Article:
MORE THAN HONEY (2013) – Documentary Review

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more than honey posterMore Than Honey is a phenomenally well-researched and thorough study of bees and their complex influence on human civilization, and an in depth investigation of the honeybee colony collapse disorder, a current crisis that some experts say threatens the extinction of honeybees, which would have a potentially devastating impact on human civilization. Without honeybees and their effective cross pollination of plants, there would be no crops, no harvest, nothing for humans or other species to eat.

Of the several recently produced and released documentaries covering the vitally important issue of colony collapse disorder, More Than Honey is the most comprehensive and compelling in conveying the story of the domesticated honeybees that are mysteriously disappearing — or dying — by the hundreds of thousands each year.

Filmmaker Markus Imhoof has done a brilliant job of showing and telling all sides of the story — including what would be the honeybees version of it, if honeybees could speak.

The Not-So-Secret Lives of Honeybees

Imhoof uses extraordinary cinematography to take us inside the hives of honeybees, and to show us that bees actually do have a very highly developed social order, and that they communicate with each other quite effectively through complex patterns of movement that share information about, for example, specific flying directions to the flowers that yield the richest nourishment. They are indeed amazing creatures.

The Importance of Honeybees

The film chronicles the man’s relationship to honeybees throughout the history of human civilization, and projects what the world would be like without them. Simply put, the proliferation of colony collapse disorder makes their loss distinct possibility. Imhoof takes us to China, where there are no honeybees present to pollinate crops and farmers are dusting plants with pollen by hand. It’s an arduous process that is much less effective than the natural pollination of plants by honeybees.

In Switzerland, European honeybee breeders try to keep the genetic strain of each hive pure by keeping drones from other colonies from mating with the queen. It’s a challenging pursuit without guaranteed results.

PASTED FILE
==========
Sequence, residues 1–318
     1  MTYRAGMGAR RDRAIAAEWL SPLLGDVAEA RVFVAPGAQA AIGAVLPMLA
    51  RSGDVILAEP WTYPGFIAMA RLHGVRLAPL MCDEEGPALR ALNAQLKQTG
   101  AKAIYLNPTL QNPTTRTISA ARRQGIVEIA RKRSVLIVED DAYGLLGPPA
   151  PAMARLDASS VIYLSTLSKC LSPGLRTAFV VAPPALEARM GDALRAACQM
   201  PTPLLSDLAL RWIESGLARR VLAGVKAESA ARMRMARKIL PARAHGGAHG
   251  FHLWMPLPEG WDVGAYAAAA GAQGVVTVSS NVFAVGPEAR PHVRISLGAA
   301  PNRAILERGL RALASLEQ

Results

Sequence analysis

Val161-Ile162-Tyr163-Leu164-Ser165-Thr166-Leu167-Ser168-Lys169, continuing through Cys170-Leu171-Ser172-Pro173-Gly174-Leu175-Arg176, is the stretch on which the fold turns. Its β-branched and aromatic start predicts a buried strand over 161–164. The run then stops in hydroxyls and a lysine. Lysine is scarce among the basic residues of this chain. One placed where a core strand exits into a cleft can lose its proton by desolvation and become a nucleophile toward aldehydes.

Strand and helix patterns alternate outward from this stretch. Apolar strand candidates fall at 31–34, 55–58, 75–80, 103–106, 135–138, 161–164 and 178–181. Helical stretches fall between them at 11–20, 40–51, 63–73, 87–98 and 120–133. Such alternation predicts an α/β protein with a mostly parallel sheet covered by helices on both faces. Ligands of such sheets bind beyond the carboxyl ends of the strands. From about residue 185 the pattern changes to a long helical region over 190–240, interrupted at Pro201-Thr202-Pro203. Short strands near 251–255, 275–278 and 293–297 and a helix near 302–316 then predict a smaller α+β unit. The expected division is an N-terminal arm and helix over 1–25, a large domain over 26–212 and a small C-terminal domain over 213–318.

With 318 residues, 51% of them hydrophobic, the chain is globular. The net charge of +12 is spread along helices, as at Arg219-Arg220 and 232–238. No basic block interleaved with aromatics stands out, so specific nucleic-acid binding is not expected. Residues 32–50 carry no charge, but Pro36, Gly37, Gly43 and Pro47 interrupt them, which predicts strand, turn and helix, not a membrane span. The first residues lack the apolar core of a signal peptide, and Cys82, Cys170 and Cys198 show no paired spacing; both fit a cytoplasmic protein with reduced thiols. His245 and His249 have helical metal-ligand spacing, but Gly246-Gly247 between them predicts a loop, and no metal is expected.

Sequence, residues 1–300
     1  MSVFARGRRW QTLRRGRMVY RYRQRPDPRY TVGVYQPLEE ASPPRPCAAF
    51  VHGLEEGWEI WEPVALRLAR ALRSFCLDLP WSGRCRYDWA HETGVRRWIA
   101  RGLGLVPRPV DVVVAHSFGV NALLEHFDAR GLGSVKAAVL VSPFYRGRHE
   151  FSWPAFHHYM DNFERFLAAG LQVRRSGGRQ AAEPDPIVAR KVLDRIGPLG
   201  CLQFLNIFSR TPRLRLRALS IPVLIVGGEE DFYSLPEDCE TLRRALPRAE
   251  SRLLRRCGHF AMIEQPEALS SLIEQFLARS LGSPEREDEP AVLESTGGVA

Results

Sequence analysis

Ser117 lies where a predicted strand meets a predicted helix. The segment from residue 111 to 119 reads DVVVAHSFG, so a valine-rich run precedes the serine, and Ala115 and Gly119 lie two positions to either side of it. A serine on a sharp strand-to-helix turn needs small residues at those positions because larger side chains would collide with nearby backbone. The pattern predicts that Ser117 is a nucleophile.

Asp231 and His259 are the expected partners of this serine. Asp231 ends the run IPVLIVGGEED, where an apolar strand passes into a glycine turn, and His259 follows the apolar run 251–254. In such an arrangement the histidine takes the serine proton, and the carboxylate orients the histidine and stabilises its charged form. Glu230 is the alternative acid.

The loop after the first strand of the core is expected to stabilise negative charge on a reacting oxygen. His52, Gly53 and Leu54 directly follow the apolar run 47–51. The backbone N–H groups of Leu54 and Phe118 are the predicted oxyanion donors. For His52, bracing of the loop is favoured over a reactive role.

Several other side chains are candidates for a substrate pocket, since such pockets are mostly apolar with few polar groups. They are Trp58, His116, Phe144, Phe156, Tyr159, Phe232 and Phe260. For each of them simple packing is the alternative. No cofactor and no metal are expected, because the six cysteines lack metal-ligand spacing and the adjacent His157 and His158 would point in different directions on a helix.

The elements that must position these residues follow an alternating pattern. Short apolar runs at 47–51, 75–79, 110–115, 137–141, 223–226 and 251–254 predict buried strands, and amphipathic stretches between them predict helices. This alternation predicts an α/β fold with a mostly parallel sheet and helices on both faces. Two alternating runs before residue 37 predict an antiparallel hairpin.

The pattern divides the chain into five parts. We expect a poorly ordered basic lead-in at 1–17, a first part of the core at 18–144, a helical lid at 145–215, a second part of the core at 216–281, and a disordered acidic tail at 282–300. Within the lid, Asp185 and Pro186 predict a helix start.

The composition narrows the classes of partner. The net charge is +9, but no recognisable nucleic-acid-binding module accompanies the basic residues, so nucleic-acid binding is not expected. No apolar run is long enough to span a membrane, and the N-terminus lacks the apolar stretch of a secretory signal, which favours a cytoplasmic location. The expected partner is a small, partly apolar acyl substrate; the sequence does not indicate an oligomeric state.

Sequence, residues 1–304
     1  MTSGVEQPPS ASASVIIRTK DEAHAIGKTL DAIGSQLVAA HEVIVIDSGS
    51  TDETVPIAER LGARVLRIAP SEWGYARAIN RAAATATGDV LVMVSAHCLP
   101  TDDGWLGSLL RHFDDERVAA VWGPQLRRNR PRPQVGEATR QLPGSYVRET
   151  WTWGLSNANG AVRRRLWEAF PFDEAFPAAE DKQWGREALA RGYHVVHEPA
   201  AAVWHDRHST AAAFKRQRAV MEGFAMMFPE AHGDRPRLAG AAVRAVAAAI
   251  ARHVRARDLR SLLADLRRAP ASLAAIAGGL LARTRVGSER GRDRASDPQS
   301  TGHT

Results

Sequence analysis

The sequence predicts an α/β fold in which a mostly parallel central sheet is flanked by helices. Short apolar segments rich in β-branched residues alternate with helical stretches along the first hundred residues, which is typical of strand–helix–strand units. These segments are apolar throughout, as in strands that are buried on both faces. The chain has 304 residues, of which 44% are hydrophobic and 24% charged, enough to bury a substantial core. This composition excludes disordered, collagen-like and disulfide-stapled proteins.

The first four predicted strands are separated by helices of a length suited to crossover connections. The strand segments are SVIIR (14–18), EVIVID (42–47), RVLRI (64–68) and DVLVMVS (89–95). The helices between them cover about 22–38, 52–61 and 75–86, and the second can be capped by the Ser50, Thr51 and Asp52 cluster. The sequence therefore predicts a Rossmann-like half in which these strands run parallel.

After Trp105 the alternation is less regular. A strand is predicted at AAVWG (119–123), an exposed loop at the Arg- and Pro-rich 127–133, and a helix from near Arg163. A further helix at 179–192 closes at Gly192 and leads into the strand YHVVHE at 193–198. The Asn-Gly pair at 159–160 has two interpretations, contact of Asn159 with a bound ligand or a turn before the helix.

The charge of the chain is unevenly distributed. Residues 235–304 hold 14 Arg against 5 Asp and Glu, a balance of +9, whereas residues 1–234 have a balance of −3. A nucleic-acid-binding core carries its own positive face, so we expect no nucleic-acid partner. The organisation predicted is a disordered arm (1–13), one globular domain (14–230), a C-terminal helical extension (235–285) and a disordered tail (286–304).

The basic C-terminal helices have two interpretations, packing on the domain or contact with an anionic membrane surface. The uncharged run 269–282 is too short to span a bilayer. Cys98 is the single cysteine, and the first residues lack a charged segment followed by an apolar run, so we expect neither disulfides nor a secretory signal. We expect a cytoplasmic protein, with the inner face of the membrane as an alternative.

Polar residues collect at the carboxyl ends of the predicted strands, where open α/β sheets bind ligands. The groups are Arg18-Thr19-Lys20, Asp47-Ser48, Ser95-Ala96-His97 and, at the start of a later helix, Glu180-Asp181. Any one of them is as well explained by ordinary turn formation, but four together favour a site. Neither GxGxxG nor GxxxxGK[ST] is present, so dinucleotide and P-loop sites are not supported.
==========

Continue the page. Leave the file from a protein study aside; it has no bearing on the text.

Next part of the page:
In the U.S., honeybee herders who use semis to haul hives across the country, renting them to farmers for crop pollination nationwide, are increasingly finding that when they get the hives to their destination, the hives are empty or filled with dead bees. They’re perplexed by the phenomenon, and can’t seem to comprehend that there’s a connection between the use of pesticides, bad bee breeding practices and other factors contribute to the colony collapse disorder crisis that is killing their bees, and their business. With regard to pesticides, they believe pesticide industry disputes about what the chemicals do the the honeybees and their environment.

African Bees Take Hold

The film also informs us about the much-maligned ‘African killer bees,’ showing that these critters are actually a purer, strong breed of bee that does nothing other than what bees are born to do — pollinate plants and reproduce. They do not attack. But, they do not tame easily, either. And they prefer to build their own hives rather than occupy those that humans build for them.

The Future of Honeybees

Is there hope for survival of the honeybee? Experts seem to feel that colony collapse disorder can be treated by creating more natural conditions for honeybees, including allowing them to find their own variety of plants to pollinate, rather than being deployed from one area to another to pollinate the singular crop that’s grown in the region. Hauling the honeybees from crop to crop strains them terribly — they’re trapped in their hives, and can’t even poop for the hours that they’re on the road. They are infested with mites and viruses that cause them systemic breakdowns. Hive hauling is cruel and unusual punishment for the wee critters who’ve served the interests of our species since the beginning of recorded time.

A Call To Action

More Than Honey is free from polemics, but it is an alarming call to action. If you don’t become involved in an organized campaign to protect honey bees, you will, at least, never again swat at one of them with the intent to kill. This documentary is fascinating. It’s a must see.

If You Like This Film, You May Also Like:

Queen of the Sun: The Endangered World of Bees
The Cove
Arctic Tale
Winged Migration
Earth Days
Jane’s Journey

Film Details:

Title: More Than Honey
Director: Markus Imhoof
U.S. Release Date: June 12, 2013 (limited release, New York)
Running Time: 95 mins.
Parental Advisory: Content advisory for parents
Locations: Various rural areas and farmlands in the USA, Switzerland, China and Australia.
Language: English and German, Swiss German and Mandarin with English subtitles.
Production Company: Zero One Film
U.S. Theatrical Distribution: Kino Lorber

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